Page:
We present results studying the IOR potential for CO2 injection in the naturally-fractured Haft Kel field, Iran, based on detailed compositional simulations of the matrix-fracture system. Oil recoveries from CO2 injection consistently range from 80–90% for reservoir pressures 1400 psia and higher (i.e. at and above current reservoir pressure of 1500–1800 psia). This compares with 15–25% recoveries reported for gas cap expansion and/or injection of hydrocarbon gas.

Fundamentally-different recovery mechanisms develop above and below 2000 psia, the pressure where CO2 density equals the reservoir oil density. At lower pressures, CO2 is less dense than reservoir oil and traditional gas-oil gravity segregation results, with a highly efficient process driven by gravity, compositional effects and IFT gradients that cause capillary-induced oil flow. At pressures greater than 2000 psia, CO2 density is greater than reservoir oil density, resulting in an unusual gravity drainage mechanism whereby CO2 enters the bottom of a matrix block and pushes oil out the sides and top of the matrix block.

The effect of several key parameters has been studied in detail – matrix permeability, matrix block size, matrix-matrix capillary continuity (stacked blocks), and the use of mixtures of CO2 and hydrocarbon gas. One of the key results is how the rate of recovery differs for HC and CO2 injection, and how it varies for CO2 injection for different model parameters.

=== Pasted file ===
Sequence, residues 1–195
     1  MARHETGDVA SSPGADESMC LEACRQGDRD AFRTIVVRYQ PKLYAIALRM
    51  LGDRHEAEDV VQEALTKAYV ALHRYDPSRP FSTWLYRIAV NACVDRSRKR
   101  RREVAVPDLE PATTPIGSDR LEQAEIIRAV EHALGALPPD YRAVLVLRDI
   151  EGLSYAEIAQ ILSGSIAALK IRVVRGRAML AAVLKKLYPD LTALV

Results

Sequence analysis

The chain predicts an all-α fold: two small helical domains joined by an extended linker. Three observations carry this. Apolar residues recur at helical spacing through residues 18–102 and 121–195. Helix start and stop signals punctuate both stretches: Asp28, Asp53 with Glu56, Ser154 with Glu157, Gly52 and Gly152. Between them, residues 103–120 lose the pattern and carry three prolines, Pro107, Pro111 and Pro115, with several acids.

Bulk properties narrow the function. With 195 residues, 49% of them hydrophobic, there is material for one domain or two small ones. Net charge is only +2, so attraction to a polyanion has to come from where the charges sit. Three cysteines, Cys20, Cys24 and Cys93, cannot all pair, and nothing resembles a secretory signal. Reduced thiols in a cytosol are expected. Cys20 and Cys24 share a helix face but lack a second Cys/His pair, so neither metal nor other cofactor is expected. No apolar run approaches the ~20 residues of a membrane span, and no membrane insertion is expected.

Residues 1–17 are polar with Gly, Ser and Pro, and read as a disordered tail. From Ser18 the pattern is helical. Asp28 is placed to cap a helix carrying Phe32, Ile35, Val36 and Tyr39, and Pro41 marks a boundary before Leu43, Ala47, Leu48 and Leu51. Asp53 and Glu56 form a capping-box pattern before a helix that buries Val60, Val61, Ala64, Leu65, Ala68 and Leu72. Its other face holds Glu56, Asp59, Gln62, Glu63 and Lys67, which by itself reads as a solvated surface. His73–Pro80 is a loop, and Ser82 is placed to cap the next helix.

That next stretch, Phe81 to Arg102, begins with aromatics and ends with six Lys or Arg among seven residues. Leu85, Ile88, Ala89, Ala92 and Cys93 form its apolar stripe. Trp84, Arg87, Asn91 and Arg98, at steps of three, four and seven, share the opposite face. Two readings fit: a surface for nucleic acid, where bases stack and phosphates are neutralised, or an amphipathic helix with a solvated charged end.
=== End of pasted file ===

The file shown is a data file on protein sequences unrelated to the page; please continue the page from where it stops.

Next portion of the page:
IOR results are affected by grid sensitivity. Grid effects have been quantified and compared for different model parameters. Final IOR assessment is made using models where sufficient grid refinement is used to minimize grid sensitivity.

CO2 injection in fractured reservoirs in the Middle East appears to have great potential, even at relatively low pressures. Large sources of CO2 would need to be available from gas-driven power plants and reservoirs producing CO2 in significant quantities.


When an oil-saturated matrix block is surrounded by gas in the fracture, oil will drain from the matrix as a result of density difference between the gas and the oil. However, drainage can occur only if the matrix block height is greater than the capillary entry height.

This content is only available via PDF.
You can access this article if you purchase or spend a download.